Mr. Warner Bows Out
TO PLENTY of his detractors of the 1970s and '80s, Sen. John W. Warner of Virginia was a figure of fun -- wealthy and glamorous by dint of marriage, self-righteous, grandiloquent, comically ceremonious. Some, even in his own Republican Party, dismissed him as a preening lightweight, amiable but lacking in intellectual heft. They would have been astounded had they known the senator he became.
Through 28 years in the Senate, Mr. Warner, who announced yesterday he would not seek reelection next year to a sixth term, has built a towering reputation as one of the most honest and independent-minded lawmakers on Capitol Hill. He was a leading Senate expert on military matters, and his views on the armed forces and the wars in Iraq and Afghanistan could shake the political firmament, as they did just a week ago when he urged the Bush administration to commence troop withdrawals from Iraq by Christmas. Admired for his honesty and, beyond the confines of his party's hard-liners, his relative moderation, he commands respect as a voice of reason, tolerance and pragmatic bipartisanship in an era when all three are increasingly rare.
At the age of 80, Mr. Warner is retiring for the right reasons. He would almost certainly have won reelection without breaking a sweat. In a statement noteworthy for its humility and generosity, he said he had decided to go simply to make room for others and to ensure that someone with the requisite stamina would continue to hold the job.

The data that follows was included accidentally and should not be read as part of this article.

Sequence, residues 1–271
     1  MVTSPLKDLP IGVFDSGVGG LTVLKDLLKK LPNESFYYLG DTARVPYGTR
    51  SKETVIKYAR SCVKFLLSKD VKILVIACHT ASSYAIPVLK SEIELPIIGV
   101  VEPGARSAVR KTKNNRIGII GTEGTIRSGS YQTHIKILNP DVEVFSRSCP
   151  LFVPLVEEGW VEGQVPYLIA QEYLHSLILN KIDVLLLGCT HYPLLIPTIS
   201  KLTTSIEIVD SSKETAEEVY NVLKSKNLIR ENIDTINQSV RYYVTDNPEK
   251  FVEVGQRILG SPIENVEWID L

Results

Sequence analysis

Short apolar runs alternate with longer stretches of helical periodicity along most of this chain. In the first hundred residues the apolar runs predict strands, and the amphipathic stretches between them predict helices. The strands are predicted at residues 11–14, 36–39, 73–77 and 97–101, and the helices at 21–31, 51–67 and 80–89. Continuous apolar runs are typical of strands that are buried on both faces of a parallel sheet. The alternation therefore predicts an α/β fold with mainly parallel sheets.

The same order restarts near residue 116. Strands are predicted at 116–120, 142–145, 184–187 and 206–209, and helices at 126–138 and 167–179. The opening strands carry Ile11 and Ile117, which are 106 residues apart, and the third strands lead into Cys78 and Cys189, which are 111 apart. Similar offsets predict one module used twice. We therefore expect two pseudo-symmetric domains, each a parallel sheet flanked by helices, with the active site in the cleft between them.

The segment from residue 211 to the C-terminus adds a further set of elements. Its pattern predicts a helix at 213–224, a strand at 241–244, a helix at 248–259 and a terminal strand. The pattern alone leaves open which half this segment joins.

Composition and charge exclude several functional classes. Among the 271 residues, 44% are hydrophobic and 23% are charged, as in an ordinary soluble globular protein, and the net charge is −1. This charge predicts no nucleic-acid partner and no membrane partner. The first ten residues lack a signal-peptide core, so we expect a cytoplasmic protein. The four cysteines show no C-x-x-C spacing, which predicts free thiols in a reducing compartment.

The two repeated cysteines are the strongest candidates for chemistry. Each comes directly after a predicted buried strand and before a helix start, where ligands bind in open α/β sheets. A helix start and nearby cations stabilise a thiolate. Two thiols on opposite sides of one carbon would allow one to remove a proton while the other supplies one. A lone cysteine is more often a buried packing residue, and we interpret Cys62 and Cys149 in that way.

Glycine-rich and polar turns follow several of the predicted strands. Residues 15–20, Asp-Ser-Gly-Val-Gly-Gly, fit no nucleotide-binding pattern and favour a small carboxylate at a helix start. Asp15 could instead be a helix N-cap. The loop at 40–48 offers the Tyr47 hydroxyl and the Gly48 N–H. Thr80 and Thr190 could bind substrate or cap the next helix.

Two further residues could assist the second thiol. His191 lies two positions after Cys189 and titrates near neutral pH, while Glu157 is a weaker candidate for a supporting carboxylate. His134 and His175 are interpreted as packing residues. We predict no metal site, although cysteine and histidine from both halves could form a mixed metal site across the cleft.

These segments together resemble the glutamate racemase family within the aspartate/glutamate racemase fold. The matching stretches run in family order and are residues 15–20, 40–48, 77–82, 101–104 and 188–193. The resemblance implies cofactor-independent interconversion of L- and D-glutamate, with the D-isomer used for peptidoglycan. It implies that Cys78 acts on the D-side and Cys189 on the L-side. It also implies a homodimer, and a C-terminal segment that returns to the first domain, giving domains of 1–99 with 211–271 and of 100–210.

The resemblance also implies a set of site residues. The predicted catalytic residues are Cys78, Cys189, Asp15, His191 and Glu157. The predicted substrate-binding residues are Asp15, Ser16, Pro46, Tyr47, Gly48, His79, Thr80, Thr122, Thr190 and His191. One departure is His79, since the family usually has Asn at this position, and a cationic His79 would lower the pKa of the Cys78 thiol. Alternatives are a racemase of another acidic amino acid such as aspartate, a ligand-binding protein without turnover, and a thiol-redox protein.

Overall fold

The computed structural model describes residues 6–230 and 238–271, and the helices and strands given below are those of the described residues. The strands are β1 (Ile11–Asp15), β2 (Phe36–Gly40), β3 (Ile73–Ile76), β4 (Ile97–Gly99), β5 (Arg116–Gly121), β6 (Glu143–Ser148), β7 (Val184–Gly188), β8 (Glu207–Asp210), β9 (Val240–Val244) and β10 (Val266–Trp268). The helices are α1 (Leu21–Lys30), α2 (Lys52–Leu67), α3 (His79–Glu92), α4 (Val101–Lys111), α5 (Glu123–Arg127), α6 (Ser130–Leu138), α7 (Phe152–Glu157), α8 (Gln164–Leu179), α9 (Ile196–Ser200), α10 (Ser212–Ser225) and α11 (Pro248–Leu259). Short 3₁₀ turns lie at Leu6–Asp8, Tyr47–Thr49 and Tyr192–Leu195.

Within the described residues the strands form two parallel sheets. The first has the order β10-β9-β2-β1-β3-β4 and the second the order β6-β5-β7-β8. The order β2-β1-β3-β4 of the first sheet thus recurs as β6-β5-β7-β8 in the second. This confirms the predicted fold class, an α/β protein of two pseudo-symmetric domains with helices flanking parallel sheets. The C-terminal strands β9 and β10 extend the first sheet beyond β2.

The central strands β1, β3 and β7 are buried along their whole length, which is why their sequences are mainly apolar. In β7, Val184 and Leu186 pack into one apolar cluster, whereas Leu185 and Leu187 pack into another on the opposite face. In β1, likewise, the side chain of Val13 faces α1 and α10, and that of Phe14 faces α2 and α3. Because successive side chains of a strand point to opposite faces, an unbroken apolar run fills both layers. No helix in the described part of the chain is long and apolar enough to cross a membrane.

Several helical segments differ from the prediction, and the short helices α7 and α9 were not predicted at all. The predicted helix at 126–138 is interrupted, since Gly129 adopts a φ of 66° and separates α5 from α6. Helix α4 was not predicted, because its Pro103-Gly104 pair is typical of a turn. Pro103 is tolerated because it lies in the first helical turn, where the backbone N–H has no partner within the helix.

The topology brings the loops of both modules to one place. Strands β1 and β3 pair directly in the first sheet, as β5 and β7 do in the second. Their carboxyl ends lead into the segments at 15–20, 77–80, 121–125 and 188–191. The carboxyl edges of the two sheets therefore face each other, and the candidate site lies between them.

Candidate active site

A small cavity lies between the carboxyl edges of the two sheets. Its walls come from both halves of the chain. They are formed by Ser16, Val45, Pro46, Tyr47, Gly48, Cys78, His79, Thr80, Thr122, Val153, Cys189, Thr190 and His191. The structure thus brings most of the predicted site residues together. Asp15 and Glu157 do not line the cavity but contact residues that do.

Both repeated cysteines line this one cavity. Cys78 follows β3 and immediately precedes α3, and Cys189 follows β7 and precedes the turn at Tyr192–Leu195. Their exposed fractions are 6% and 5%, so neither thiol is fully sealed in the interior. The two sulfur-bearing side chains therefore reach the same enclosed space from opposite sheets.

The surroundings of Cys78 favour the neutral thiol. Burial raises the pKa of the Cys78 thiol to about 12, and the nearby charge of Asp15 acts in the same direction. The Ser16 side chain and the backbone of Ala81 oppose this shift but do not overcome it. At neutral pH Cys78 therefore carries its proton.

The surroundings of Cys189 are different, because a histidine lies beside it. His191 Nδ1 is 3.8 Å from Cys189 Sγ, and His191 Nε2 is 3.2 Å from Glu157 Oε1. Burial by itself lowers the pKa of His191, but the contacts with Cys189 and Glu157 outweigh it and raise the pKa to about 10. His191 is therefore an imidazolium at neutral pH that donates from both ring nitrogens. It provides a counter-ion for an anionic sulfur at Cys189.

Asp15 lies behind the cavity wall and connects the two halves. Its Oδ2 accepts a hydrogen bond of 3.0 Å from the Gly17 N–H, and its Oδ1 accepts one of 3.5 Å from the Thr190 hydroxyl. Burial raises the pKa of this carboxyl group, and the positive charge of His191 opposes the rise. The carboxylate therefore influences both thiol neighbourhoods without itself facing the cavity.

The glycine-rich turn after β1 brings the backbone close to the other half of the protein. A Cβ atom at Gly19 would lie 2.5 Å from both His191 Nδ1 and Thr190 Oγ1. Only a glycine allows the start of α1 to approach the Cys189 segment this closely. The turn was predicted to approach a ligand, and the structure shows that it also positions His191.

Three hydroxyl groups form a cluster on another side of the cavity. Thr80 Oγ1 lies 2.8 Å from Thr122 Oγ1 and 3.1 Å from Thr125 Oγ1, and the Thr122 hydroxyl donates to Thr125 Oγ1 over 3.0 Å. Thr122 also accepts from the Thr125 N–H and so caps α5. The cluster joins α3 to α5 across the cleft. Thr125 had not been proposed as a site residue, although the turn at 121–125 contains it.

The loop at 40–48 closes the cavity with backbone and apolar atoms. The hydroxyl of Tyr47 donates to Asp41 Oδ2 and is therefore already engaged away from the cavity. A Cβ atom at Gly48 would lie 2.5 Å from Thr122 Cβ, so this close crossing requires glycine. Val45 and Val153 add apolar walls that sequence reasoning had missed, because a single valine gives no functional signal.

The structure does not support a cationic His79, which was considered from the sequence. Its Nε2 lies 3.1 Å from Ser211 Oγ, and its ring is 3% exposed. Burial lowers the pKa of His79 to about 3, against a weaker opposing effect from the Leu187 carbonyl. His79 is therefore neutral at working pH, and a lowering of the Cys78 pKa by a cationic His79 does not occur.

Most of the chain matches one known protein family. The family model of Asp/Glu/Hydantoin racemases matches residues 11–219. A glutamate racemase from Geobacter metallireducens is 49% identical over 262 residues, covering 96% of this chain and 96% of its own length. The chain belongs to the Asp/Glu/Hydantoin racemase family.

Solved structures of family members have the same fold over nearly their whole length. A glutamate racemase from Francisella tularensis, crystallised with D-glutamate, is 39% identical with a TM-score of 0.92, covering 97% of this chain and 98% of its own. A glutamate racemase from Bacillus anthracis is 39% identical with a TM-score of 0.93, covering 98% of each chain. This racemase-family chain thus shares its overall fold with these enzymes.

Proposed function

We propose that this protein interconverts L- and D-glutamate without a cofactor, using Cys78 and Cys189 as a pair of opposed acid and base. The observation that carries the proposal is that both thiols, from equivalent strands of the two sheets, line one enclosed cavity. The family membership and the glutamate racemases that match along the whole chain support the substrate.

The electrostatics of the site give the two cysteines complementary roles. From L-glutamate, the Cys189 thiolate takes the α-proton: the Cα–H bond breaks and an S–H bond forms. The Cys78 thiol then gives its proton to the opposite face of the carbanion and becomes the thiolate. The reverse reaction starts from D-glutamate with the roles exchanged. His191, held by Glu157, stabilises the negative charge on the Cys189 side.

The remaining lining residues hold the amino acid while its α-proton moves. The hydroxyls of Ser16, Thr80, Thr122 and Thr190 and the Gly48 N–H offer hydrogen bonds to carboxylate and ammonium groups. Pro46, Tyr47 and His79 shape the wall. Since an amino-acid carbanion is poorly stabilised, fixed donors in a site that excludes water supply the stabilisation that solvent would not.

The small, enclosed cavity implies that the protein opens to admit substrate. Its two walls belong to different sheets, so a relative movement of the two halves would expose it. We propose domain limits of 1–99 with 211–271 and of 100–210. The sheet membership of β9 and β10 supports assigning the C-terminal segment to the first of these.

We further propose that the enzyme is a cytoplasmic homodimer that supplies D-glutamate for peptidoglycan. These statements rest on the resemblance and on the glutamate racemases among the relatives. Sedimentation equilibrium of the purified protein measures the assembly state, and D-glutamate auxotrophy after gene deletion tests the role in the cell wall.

He returned only last month from his 10th trip to Iraq. His journeys there have led him to reassess his once-steadfast support for the president's policy on the war. And he signaled that in his remaining 16 months in office, he will continue to be outspoken; no one would be able to say that politics had shaped his stance. As a veteran of World War II and the Korean War and as a former undersecretary and secretary of the Navy, Mr. Warner, who chaired the Senate Armed Services Committee until the Democrats took control of Congress this year, has demonstrated repeatedly his heartfelt commitment to the nation's fighting men and women and to the reputation and honor of the armed forces.
It was largely that commitment that led Mr. Warner to play an instrumental role, despite fierce White House resistance, in the passage two years ago of the "McCain amendment," which prohibited cruel, inhuman and degrading treatment of all prisoners in American custody worldwide. He vowed to trace responsibility for the abuse of detainees at the Abu Ghraib prison in Iraq up the military chain of command, saying he would "go where the evidence leads us."
Ultimately, though, unwilling to push the military too hard, he was deflected by Pentagon
Mr. Warner is a conservative but hardly an ideologue, and he has repeatedly infuriated his party's strident right-wingers -- by standing against the nomination of Robert H. Bork to the Supreme Court in 1987, by opposing the leadership of Sen. Trent Lott (R-Miss.) in the Senate, and, in 1994, by repudiating Oliver L. North's Senate candidacy in Virginia. Many Virginia Republicans saw him as a heretic -- a RINO (Republican In Name Only). Mr. Warner saw himself as more committed to principle than party.
He lacked any fixed worldview or guiding political philosophy. His commitment, he often said, was to the traditions and institution of the Senate and to the people of Virginia, whose support he repaid handsomely. He guided billions of dollars in defense contracts to Virginia, making it the country's largest recipient of military spending per capita, and he safeguarded the state's huge naval and air bases. Through it all, his steady civility, dignity and courtesy seemed almost quaint, a throwback to more courtly times. But the absence of such qualities nowadays is much noted and mourned. So, too, will Mr. Warner's absence be.